These are just two instances out of many, that show that Afrikans were clearly aware of the coming of the white man and the warning to be aware of what his intentions are and how to stand against it.

It’s happening again
Even a blind man can tell that Afrika has already fallen into the same position she found herself in centuries ago when she didn’t take so seriously the defense of her land from the invading foreigners. But this time, Afrika really does not need any one prophet or prophetess from a church or a mosque to tell her that the intention of nations like China, France, Russia, te US, UK etc in asking Afrika to come to their various tables or that the supposed foreign investments in Afrika are just like bananas tied to an arrow and a carrot tied to a stick. We are clearly seeing what is going on in the white farmers’ compensation story of Zimbabwe and the destabilizing effects it will have shortly, the GMO seeds/foods and the killer chemicals infiltration of Afrika by foreign corporations like Bayer ( Former Monsanto), the Chinese debt bonanza that has the ability to make key sectors of Afrikan life completely taken over by the Chinese government and the many other compromises that both Afrikan governments and Afrikans themselves are making, for selfish reasons.
It is true that for some centuries the Afrikan has had many reasons for not being conscious of responsibility. He has been accustomed to so many alienating dictates coming from outside that even if he lived far from the slave coast or the seat of the nearest white officer, some part of his soul was bound to be marked with the annihilating brand of the serf.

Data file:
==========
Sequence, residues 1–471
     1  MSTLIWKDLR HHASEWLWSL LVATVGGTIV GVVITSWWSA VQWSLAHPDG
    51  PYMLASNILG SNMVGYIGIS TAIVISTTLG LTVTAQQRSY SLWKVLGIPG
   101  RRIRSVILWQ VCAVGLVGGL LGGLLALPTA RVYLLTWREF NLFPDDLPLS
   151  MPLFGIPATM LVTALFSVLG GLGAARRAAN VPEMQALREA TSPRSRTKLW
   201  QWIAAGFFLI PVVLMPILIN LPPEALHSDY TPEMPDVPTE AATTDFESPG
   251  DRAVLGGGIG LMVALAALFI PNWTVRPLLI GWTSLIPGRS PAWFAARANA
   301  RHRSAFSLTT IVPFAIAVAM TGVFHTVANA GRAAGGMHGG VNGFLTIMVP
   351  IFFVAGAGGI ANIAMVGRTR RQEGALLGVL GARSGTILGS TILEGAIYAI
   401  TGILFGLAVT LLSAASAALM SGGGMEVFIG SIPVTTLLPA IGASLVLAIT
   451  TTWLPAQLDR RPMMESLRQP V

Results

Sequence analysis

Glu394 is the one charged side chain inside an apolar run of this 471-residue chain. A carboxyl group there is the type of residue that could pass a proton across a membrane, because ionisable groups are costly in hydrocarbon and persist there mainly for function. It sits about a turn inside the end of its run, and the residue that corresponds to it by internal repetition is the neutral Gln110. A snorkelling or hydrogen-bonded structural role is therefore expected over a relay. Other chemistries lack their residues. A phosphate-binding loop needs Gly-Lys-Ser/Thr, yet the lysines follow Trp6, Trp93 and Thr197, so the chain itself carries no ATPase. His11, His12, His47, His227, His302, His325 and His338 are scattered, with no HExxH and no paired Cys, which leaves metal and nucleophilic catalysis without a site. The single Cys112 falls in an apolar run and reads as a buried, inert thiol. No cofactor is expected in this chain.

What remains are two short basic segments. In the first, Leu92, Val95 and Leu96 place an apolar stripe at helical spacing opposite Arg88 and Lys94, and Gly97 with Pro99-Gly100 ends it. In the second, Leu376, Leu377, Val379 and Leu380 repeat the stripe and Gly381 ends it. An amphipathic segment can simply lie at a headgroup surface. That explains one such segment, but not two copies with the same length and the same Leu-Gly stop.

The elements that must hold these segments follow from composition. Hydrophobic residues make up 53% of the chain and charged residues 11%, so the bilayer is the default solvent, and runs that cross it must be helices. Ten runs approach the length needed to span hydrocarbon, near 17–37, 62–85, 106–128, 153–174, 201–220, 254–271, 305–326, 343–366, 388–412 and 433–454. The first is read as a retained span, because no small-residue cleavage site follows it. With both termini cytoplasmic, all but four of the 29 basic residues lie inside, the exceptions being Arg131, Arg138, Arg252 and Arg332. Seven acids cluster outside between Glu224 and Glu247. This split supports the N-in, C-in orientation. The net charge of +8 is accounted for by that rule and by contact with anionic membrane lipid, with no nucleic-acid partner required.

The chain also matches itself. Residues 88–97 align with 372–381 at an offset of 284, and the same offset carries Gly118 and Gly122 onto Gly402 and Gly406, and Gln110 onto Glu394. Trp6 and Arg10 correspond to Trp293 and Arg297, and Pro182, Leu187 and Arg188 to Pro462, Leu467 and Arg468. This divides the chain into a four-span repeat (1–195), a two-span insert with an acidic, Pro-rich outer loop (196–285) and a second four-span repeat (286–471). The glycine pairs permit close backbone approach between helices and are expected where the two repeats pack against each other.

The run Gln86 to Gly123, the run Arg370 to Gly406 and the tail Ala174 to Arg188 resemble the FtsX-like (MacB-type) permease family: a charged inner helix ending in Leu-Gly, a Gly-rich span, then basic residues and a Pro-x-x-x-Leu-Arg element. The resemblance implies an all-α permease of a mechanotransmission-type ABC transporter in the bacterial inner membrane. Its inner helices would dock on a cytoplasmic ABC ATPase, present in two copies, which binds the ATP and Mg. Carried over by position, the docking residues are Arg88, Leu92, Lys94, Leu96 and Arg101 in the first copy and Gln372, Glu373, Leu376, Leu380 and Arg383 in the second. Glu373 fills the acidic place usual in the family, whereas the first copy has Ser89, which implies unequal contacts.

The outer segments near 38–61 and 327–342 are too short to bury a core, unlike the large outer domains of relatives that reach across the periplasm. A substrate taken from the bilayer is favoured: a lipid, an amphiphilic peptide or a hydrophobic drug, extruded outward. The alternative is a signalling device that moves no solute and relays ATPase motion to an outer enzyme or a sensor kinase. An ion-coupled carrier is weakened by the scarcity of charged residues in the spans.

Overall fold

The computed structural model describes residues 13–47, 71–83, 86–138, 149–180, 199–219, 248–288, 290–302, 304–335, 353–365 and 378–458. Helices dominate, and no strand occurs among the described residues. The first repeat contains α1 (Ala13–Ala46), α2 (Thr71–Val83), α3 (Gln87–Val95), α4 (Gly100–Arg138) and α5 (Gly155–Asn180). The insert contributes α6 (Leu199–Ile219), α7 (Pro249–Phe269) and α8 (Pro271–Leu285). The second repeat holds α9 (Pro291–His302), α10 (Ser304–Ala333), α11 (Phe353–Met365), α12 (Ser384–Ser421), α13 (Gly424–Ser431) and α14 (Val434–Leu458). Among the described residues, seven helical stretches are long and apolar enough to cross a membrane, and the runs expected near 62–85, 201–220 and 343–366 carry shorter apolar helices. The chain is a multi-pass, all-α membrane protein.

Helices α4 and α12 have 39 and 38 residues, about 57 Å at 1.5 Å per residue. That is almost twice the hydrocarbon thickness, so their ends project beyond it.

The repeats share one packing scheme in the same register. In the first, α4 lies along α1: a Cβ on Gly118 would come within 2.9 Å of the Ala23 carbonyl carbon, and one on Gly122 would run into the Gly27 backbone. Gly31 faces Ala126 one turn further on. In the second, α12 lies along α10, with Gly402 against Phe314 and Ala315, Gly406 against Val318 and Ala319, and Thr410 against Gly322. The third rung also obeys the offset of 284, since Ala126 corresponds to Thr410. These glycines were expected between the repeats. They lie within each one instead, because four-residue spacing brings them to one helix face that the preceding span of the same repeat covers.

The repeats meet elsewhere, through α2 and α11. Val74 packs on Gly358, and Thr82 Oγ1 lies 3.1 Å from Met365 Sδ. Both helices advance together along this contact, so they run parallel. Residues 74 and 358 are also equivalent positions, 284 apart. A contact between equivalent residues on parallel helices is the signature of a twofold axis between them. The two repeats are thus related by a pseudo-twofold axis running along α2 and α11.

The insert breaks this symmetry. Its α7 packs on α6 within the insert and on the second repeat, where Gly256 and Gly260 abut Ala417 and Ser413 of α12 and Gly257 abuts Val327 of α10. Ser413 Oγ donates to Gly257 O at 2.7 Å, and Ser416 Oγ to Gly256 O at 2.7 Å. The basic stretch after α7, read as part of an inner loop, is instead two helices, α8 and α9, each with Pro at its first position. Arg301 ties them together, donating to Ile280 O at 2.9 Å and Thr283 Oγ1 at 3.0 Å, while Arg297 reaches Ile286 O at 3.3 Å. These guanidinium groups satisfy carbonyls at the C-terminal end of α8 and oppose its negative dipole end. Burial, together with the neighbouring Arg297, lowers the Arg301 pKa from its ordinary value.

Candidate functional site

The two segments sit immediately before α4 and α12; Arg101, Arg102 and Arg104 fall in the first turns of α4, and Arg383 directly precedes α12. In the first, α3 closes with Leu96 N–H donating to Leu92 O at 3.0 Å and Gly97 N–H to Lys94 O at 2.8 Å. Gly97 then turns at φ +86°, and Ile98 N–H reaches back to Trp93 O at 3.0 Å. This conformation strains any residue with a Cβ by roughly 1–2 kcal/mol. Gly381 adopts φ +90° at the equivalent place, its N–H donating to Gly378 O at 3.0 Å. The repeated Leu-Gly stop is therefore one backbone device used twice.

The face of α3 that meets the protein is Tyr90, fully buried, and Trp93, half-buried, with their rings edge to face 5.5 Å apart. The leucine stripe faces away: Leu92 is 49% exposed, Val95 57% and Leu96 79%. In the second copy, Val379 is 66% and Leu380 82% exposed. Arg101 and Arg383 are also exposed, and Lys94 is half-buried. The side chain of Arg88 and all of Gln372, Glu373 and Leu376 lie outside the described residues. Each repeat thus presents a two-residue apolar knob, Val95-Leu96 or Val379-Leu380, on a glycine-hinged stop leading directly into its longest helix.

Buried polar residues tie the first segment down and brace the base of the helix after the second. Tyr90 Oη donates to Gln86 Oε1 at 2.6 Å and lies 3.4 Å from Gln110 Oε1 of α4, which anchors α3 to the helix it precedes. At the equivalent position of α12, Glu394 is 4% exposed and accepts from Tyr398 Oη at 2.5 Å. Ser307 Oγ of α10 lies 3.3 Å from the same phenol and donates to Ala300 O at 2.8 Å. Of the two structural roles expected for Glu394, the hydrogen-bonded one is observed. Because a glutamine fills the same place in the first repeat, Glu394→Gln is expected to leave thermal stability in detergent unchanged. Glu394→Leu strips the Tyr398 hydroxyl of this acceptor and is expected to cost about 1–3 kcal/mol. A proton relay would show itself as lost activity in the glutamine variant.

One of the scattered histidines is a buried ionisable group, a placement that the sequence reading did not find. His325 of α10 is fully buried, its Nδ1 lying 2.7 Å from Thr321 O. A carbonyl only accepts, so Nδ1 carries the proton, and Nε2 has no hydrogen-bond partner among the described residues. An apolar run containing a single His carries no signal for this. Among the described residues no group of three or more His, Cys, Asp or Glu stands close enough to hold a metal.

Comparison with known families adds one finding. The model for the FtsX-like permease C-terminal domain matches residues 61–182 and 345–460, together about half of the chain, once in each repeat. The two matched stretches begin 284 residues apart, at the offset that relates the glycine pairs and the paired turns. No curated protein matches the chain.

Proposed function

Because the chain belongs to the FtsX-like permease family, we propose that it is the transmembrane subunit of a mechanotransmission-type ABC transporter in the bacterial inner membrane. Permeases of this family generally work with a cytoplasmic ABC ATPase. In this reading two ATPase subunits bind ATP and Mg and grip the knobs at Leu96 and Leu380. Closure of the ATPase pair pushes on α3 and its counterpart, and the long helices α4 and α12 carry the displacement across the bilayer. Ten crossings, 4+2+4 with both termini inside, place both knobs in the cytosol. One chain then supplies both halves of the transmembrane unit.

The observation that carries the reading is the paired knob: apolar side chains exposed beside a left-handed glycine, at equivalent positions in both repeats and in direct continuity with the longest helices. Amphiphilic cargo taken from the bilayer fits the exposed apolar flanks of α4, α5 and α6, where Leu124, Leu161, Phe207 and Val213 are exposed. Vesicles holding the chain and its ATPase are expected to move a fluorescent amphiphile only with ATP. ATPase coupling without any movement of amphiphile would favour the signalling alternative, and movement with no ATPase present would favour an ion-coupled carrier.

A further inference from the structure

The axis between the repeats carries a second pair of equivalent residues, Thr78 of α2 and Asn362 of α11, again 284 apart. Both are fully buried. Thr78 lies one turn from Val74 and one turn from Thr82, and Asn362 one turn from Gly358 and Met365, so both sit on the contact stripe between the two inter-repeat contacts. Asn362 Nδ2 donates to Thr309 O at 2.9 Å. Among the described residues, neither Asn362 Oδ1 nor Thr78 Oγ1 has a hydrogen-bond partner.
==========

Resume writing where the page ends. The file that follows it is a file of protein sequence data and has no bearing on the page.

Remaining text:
At first glance, and from many ethnological studies, one gets the impression that Afrikans were submerged, almost drowned, in mythical time, a vast ocean without shores and without landmarks, while the other peoples of the world advanced down the avenue of History, a great highway marked out with the milestones of progress.
But I do not believe that the Afrika of now, with all her teeming collection of brains and human resources should remain in the same spot of the mistakes their forefathers made, either by not taking stronger stands against imperialism, colonialism and the many other “isms” or by the way of compromises for selfish gains.

Who will change the story?
It appears that everything that some of the founding fathers of the OAU said during the early stages of Afrika’s independence from colonial masters is actually happening in our days, just as the words of those ancient prophecies and dreams came to pass in the era of colonialism. But I am not one who likes to sit on my backside complaining of what was and what is not. I believe in the ability to change stories from the popular narrative to a new one that both engineers and energizes progressiveness. In other words, I am tired of the stale story of foreign oppressors coming to Afrika to do this or that even when all Afrikan nations are supposed to be sovereign states, just because we are not fighting towards one goal as Afrikans or because we keep selling out our inheritance for gains. But the question is this, who will change the story?
No one else but you and me

From all indications and from the fact that the miracle of change has not happened by some game of chance or magic even after sixty years of independence in Afrika, shows that the work to change our continent lies in our collective awareness that we have issues that we need to urgently deal with, our resolve to change and also our awareness that we must be strategic in our dealing with these issues. Like it has been said and even over-said, the solution to Afrika’s problem lies in the hands of Afrikans. But the question is this, do we really have those who are solution bringers in Afrika or are we just talking? The answer is yes we do. But another question is this, why are the solutions so long in coming? Well, I do not have any one single answer for this question even though it is clear as daylight that we need a quick solution like yesterday.